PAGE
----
I wonder whether the painstaking work of translation -- the dive into the soul of another writer, in another language, then the grueling swim back to the surface with the words, metaphors, lines and rhythms, all tugging at your responsible shoulders -- can act to sharpen. For weeks, I've been tracking that sense of knife and precision cut, through the three available poetry collections by Ellen Doré Watson (her early chapbook is out of print). Why don't the names of powerful poets have a claim to the daily news, the radio interview, the television special? After these weeks of reading and thinking, I find it startling that this poet isn't better known.
Director of the Poetry Center at Smith College, translations editor for the Massachusetts Review, and poet/translator for works from Brazilian Portuguese (11 books, including THE ALPHABET IN THE PARK: SELECTED POEMS OF ADÉLIA PRADO), Ellen Doré Watson has also co-translated from Arabic a volume of poems by a contemporary Palestian. Yet despite this global reach, her own poems linger luxuriously in her own western Massachusetts home -- with formidable results.
LADDER MUSIC, winner of the New York/New England award from Alice James Books, came out in 2001. It's Watson's most vivid collection by far. In the poem "Freight" she neatly grafts the shocks of the world onto the strands of her young daughter's life, a good example of the surgeries of words here. The poem opens:
I followed a truck of guns to work today,
crates lashed to a flatbed, dash of red
FRAGILE and taillights. Ugly March buffered
and air-brushed by fog, sun making promises
from offstage, but walking around my head:
the ones that particular freight would kill how long
But Watson's day will later include her school-age daughter:
... In Della, calming beneath my wide
mother hand, unloading the day's cruelties, kids
with their own invisible bullet holes who shoot hurt
And within the poem is also a classic Watson thread of sensual attention to her husband, as well as the quickly disciplined emotions and mind that "hold the driver blameless... it could just as well be cabbages he's hauling."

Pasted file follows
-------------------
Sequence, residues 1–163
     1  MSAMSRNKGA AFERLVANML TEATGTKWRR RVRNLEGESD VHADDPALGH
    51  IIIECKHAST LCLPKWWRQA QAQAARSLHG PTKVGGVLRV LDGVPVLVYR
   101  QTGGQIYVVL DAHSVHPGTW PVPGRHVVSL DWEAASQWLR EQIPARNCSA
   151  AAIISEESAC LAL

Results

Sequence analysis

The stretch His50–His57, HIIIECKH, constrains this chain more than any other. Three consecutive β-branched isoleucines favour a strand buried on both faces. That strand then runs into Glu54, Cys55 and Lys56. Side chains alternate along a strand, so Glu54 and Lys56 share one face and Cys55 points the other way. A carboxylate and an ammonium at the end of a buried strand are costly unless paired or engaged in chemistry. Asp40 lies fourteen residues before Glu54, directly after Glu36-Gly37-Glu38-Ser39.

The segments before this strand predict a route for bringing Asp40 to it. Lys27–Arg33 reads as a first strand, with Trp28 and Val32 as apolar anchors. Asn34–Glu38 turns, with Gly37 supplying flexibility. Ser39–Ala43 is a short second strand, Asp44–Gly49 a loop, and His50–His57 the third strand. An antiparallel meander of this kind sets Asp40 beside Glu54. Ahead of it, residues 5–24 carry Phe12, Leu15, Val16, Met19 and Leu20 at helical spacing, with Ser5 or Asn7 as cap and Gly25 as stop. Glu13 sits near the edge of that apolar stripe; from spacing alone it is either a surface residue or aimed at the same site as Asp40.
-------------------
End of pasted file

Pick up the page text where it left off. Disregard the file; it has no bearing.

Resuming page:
That willingness to braid experience, love, and philosophy all at once develops a delicious savor in this collection. Watson can ask, as she does in "Imperfect Knowledge,"
But has my glass ever been utterly empty
or full? I know how to drain it, but not
who to ask about the long tunnel of light.
Yet each stretch for meaning is firmly rooted in physicality, as in "The Sounds Between What's On My Mind," which offers:
I was awake to see my baby, fat and happy,
when they cut her out of me, but still
they took someting I'll never get back--
my best chance to learn the bodily
meaning of yield. Wind is the sound
of the world refusing to budge.
Forms nudge their sharp bones under these narrative poems, which sometimes break in five-line stanzas, sometimes in couplets, sometimes in blocks of text where enjambed lines double as enjambed ideas. Emotions shiver under the intellect, too, flashing joy, love, fear, and a shivery premonition through the poems.
Most of LADDER MUSIC takes a jazzy style to riffing off family and the kind of great sex that can almost become routine in a long and satisfying relationship. Some of the poems slip into concerns about her mother's memory losses, but Watson never goes soft -- each line is a blade. From "Before Bed":
The word I leave out on the stoop to shiver
like a cat that tears up a couch in the night
That's a precursor to the later litany of "She Forgets Aphasia":
She forgets aphasia and all of Asia
She remembers Bangkok and birch bark, babies
She forgets the cats' names, clocks gone cock-eyed ...
--and at last the poem closes,
She forgets to wonder Y
She forgts to zip her pants but not to unzip her face:
LADDER MUSIC is a huge generous collection to enjoy and to cling to. From its strengths, it's interesting to step back in time to Watson's 1997 collection, WE LIVE IN BODIES, and see the precursors, equally direct but not as focused or as infused with certainty. And this pair of books is the pair of water wings needed for a cold wet plunge into the 2006 volume THIS SHARPENING, a volume of agony, doubt, and loss, as Watson explicates the drastic dissolution of her marriage. The sturdy sensuality and the adored daughter were somehow not enough to make a fairy tale endure. Yet the poet's grief becomes another blade that again sharpens the choice of words and narratives. What emerges from this collection is a leaner, tighter writing self that shivers with wounded fragility, yet moves forward into the stripped beauty of midlife and hard-gained wisdom.
Parallels? I pulled out Ruth Stone from the shelf -- especially her IN THE NEXT GALAXY -- and also found similar intensity (yet controlled so that the line has meaning, the image has dimension) in Edward Hirsch.
With all this, it's no wonder that Library Journal named Ellen Doré Watson one of its "24 poets for the 21st century." I look forward hugely to her reading on July 14 (see Presses and Poets 1, earlier this month), as part of the Four Poets and a Publisher celebration of the work brought forth by Alice James Books. And what is she writing now? It's got to be good.